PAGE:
Will restrictor plates help the racing at the Brickyard? NASCAR is about to find out

INDIANAPOLIS, IN - JULY 23: Kyle Busch, driver of the
INDIANAPOLIS, IN - JULY 23: Kyle Busch, driver of the /

If the initial test goes well, it’s possible the Brickyard 400 and other intermediate track races could feature restrictor plates going forward.

NASCAR has always had a bit of an Indianapolis problem. By that, I mean that the idea of racing at Indianapolis Motor Speedway has always been more glamorous than actually doing it, at least in stock cars.

It’s no one’s fault, per se, just that the track was made for open wheel cars and not what NASCAR puts out there. But with the Brickyard 400 getting to be less of a big deal with each passing year because the product on display just isn’t that entertaining, it behooves the powers that be to do something about it. Could restrictor plates help?

NASCAR seems to think so, announcing a new rules package this week for the XFINITY Series race at Indianapolis. Included in the package are a taller rear spoiler and modifications to the splitter and aero ducts. The big talking point, though, is the inclusion of a restrictor plate the same size as the one used at Daytona and Talladega.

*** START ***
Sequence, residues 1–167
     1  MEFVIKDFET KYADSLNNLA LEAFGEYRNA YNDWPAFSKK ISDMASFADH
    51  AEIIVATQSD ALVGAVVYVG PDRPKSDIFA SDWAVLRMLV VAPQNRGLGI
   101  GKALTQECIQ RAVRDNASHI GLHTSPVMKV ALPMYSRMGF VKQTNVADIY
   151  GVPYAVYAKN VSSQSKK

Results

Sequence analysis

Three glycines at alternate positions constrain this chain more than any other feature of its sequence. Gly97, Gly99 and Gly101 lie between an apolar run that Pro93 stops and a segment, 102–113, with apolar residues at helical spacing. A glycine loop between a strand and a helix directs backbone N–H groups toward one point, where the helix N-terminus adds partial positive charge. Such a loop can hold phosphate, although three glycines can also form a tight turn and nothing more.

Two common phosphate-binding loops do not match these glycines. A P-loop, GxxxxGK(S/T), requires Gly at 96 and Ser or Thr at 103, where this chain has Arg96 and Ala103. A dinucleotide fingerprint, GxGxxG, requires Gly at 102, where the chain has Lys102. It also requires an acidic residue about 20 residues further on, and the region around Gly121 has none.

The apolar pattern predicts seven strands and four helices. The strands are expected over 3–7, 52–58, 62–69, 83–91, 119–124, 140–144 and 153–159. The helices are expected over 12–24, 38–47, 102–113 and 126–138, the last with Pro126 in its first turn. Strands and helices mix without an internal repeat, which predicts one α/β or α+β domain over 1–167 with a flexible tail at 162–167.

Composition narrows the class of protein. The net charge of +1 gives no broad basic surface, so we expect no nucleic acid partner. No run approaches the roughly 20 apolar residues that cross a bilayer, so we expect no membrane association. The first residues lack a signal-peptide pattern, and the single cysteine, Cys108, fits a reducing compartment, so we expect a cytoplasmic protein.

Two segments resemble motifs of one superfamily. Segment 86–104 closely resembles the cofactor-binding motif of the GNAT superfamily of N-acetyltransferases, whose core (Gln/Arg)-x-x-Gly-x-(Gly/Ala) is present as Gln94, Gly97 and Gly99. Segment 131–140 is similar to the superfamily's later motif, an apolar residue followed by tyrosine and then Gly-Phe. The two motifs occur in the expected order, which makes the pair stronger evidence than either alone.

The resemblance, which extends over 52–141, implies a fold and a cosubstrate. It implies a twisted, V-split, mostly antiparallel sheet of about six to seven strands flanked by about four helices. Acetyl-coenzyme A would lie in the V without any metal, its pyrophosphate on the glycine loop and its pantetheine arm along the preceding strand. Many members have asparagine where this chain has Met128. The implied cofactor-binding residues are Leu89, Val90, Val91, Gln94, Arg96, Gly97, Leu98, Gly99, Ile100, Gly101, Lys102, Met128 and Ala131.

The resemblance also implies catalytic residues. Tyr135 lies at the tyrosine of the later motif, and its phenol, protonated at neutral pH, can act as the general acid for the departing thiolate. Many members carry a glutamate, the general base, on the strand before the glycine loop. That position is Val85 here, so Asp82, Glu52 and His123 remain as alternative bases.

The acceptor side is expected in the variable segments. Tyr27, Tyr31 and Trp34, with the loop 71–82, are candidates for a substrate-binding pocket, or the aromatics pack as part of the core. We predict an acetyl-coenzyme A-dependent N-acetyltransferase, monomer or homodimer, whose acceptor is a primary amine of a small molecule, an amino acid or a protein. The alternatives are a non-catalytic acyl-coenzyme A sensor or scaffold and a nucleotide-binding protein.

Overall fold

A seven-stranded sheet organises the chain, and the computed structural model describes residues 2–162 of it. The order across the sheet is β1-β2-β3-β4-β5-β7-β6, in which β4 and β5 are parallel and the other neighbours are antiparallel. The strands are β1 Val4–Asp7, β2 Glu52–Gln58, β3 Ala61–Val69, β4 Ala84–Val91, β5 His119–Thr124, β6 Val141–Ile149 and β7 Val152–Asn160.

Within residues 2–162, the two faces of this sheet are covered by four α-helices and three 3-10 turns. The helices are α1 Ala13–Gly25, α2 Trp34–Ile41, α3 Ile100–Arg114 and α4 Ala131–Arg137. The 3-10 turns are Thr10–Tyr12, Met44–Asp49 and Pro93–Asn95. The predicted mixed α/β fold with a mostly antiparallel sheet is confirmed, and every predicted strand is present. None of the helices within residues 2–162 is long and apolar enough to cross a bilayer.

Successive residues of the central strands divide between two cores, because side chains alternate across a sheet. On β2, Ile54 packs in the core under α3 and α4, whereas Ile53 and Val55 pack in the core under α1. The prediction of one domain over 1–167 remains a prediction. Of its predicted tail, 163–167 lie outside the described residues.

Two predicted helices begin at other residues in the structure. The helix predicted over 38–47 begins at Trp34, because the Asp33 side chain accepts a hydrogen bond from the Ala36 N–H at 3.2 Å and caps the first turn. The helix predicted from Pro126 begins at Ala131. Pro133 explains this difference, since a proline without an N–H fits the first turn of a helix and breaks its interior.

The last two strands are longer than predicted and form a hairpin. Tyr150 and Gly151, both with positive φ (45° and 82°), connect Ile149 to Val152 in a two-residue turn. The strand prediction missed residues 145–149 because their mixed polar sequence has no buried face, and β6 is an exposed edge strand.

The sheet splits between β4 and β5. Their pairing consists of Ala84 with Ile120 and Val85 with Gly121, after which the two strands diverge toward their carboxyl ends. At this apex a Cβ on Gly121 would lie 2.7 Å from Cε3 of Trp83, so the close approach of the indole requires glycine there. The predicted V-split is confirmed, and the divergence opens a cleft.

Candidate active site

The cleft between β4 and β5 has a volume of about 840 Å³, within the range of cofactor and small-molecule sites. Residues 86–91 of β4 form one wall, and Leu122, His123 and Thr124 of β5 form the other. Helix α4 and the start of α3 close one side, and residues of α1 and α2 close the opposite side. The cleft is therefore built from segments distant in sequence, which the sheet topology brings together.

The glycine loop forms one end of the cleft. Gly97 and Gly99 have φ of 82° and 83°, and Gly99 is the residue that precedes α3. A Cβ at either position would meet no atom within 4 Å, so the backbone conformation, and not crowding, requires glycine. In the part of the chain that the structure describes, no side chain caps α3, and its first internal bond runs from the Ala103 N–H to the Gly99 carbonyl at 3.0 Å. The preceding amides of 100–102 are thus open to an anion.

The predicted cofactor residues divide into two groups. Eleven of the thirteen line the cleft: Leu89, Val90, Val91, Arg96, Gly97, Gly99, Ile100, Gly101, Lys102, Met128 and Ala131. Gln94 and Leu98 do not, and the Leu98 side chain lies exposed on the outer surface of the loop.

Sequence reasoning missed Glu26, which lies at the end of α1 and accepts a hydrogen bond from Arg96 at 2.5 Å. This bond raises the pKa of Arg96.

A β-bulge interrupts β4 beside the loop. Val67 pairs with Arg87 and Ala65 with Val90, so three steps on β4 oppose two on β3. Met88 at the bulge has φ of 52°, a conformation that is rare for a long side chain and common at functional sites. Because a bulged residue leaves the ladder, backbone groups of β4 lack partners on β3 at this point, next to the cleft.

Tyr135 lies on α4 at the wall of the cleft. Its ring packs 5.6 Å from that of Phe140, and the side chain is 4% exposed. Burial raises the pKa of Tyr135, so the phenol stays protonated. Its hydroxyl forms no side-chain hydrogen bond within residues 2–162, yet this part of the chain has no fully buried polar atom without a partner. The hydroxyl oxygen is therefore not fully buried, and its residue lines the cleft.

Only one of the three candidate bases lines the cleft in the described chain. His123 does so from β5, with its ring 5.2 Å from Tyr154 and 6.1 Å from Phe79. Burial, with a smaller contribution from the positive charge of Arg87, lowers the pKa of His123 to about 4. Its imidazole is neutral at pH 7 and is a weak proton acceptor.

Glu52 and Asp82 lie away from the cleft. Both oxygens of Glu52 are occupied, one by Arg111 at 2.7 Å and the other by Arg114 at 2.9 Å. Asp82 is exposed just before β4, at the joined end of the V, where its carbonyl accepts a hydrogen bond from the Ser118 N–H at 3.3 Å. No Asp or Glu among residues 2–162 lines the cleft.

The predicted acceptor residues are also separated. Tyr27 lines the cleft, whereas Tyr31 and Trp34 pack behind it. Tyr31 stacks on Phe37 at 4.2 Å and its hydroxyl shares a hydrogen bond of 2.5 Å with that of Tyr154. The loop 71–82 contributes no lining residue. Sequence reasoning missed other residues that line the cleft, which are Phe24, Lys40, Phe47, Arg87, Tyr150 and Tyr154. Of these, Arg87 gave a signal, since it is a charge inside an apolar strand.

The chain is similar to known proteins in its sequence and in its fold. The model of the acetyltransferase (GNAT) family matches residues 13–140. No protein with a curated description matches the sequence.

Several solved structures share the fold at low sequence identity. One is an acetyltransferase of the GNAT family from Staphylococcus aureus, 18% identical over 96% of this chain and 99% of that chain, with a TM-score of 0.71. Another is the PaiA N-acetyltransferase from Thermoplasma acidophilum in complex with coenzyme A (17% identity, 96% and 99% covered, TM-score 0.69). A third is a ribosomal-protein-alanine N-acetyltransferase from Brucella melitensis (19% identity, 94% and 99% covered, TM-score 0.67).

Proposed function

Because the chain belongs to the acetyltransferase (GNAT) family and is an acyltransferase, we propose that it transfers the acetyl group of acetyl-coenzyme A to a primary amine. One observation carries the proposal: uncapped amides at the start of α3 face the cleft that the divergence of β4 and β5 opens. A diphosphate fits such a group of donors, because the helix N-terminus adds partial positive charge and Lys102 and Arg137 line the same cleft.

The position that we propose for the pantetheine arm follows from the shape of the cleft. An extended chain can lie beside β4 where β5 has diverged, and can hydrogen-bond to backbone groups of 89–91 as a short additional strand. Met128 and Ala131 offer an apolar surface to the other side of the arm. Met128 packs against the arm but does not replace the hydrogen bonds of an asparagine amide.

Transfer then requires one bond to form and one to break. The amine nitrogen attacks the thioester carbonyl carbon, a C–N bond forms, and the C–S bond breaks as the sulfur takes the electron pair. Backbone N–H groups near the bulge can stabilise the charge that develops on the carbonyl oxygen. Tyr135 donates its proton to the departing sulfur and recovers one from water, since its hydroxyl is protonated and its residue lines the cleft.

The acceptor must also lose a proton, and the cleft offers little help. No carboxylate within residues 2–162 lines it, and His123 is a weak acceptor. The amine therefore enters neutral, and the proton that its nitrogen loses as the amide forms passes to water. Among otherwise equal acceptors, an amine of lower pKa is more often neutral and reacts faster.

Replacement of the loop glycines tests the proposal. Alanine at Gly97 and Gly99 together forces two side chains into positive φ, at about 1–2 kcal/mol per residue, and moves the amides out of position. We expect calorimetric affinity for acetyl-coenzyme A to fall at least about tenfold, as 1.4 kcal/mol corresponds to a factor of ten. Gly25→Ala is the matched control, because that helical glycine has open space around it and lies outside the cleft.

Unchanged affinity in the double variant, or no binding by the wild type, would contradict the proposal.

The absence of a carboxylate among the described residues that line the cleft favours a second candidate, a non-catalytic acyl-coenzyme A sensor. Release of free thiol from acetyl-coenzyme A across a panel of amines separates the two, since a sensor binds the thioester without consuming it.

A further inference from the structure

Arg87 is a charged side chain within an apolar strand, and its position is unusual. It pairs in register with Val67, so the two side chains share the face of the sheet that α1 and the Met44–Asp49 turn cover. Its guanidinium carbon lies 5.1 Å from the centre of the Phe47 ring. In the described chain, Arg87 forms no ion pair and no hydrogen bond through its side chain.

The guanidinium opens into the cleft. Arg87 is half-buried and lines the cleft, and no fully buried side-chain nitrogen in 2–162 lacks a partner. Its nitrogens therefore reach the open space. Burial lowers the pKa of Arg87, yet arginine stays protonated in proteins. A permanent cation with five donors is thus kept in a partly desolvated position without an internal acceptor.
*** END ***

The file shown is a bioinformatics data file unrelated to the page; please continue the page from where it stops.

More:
It’s not the first time restrictor plates have been used outside of the superspeedways, as they were in effect at New Hampshire Motor Speedway, a one-mile track, in 2000, and the subject of using them at places like Michigan arises pretty regularly. The difference is that those situations are almost always safety-related, with the object of reducing speeds — something restrictor plates do quite nicely.

The difference with Indianapolis is that the plates would be intended almost entirely to improve competitive racing, and in that sense, they’re more of a crapshoot. NASCAR tinkers with rules packages all the time to try to make racing more exciting and those experiments don’t always work out.

Still, since there’s already been a test done with restrictor plates at Indy, this isn’t just a shot in the dark and anything to make the events more enjoyable at this shrine to American racing is worth a shot. NBC Sports thinks a successful XFINITY Series run with the new package could lead to further discussion about restrictor plates at tracks like Pocono and, yes, Michigan, so the hope for fans is that they do actually lead to more passing.

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If not, it might be time for serious consideration about dumping Indy altogether, and that’s not something anyone involved in the sport should want.